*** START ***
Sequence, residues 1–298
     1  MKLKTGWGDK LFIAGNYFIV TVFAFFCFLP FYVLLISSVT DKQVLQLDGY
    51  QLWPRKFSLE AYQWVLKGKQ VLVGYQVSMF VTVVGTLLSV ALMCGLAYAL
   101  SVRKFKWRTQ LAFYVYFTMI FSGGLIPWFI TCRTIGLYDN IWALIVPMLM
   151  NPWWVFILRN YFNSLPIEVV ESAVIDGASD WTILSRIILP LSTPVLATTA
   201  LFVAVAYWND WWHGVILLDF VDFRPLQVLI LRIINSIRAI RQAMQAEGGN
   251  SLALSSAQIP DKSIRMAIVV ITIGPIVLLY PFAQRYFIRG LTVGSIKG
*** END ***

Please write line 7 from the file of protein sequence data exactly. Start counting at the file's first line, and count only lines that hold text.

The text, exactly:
   251  SLALSSAQIP DKSIRMAIVV ITIGPIVLLY PFAQRYFIRG LTVGSIKG